will dive into searching for a director and will get it done by the
deadline. He told the council that his experience on the tourism
bureau had taught him some good lessons. He explained that as a
businessman in Lincoln if he loses an employee, that lost person can
easily be replaced in most cases. But here, with the tourism bureau,
there is a need for a well-qualified person who can lead the bureau
and work for the good of the city and the county. He added that the
board could more than likely hire a person in the next few days, but
he didn’t feel it would be right to make a decision without doing a
Referring to Welch’s comments about some of the unfinished business with the
bureau, Taylor said that the bureau has once again found itself in “another big
mess,” but board members are not sitting on their hands, they are making every
effort to work through the problems once again.
The members of the council by the nod of the head seemed to agree that the
bureau is in a precarious situation right now and that the city is going to be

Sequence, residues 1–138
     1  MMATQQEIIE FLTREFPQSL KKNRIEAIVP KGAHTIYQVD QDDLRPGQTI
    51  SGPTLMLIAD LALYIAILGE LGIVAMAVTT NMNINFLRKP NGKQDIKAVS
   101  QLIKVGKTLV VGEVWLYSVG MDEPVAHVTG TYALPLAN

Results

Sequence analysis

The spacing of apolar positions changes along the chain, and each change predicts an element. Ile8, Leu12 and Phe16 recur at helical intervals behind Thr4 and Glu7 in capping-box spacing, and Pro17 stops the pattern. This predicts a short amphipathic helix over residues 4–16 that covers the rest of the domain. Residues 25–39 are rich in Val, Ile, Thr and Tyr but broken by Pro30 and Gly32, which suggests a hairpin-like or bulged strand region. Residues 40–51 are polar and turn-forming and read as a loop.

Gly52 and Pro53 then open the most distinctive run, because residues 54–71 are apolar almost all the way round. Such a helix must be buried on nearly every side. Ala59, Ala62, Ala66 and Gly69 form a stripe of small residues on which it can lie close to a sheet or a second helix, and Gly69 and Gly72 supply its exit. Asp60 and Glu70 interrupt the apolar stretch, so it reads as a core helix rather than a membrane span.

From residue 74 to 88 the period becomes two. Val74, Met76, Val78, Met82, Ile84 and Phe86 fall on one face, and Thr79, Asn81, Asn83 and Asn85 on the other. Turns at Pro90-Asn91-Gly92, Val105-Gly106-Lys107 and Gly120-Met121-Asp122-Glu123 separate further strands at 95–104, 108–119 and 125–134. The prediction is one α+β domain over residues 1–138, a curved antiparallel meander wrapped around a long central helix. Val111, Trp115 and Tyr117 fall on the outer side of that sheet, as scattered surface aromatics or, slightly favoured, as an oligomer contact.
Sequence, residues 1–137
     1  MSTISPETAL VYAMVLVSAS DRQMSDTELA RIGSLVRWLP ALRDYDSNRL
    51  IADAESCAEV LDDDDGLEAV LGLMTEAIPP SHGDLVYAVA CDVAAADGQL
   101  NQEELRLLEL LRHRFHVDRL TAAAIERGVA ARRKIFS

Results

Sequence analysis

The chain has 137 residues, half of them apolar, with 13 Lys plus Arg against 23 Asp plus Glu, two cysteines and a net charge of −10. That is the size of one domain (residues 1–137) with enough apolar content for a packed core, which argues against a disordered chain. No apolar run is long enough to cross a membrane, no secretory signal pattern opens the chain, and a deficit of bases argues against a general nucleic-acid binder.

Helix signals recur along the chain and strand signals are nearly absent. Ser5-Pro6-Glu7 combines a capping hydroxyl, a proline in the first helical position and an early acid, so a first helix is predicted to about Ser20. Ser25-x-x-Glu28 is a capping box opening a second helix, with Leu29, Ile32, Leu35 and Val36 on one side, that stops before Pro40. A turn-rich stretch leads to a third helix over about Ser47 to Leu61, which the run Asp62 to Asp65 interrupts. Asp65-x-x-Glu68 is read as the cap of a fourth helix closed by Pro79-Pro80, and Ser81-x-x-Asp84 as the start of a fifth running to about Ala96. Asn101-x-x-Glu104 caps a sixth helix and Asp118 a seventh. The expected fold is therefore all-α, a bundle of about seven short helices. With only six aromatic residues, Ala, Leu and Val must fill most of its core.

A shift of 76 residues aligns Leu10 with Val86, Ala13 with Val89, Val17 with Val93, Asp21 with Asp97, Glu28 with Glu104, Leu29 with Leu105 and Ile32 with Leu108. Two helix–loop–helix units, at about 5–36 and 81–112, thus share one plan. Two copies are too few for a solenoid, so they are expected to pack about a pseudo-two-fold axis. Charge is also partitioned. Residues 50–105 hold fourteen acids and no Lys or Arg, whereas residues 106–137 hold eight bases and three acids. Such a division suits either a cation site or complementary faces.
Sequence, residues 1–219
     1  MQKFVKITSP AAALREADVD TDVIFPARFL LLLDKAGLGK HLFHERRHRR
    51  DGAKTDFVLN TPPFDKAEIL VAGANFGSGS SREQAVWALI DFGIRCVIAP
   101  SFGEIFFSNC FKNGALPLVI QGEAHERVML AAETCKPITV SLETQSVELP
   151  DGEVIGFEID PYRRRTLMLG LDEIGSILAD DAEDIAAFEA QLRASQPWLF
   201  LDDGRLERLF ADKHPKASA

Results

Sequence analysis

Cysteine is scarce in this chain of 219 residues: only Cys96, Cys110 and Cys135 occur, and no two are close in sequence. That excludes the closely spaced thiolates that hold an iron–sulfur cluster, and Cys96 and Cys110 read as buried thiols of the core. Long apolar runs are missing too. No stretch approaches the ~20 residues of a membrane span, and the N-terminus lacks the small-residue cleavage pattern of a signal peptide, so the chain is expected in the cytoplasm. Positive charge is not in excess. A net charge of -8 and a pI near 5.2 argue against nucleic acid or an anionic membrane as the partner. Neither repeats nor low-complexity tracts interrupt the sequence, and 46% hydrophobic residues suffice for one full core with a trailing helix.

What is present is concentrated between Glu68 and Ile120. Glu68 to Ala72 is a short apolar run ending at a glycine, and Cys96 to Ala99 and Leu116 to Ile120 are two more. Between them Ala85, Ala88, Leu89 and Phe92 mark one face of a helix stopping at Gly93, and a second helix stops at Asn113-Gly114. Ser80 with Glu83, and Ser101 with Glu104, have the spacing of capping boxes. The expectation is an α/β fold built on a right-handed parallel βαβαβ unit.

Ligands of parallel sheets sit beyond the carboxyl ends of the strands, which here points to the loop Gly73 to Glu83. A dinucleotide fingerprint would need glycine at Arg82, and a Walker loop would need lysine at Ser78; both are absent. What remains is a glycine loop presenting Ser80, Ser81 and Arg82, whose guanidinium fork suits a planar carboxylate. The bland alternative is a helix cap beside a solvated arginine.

taking a risk if it goes forward with funding the bureau. The suggestion was
made by Johnson that the city add an addition contingency to the funding
agreement that would give it an out if the bureau can’t get back up to speed. He
said the city could add a 30-day escape clause for the city and the bureau. The
agreement would be made for a 12 month period, but with the escape clause, at
any time the city was not satisfied with the work of the bureau it could give a
30-day notice that funding would be suspended. Likewise, the tourism bureau
could also choose not to accept funding from the city with the same 30-day
Davenport said that what the tourism bureau needs is a long-term commitment from
the city. She said even the state is getting tired of the situation in Lincoln,
because, with each new director it has to provide training and orientation.
Bauer commented that the state grant is not a major portion of the funding for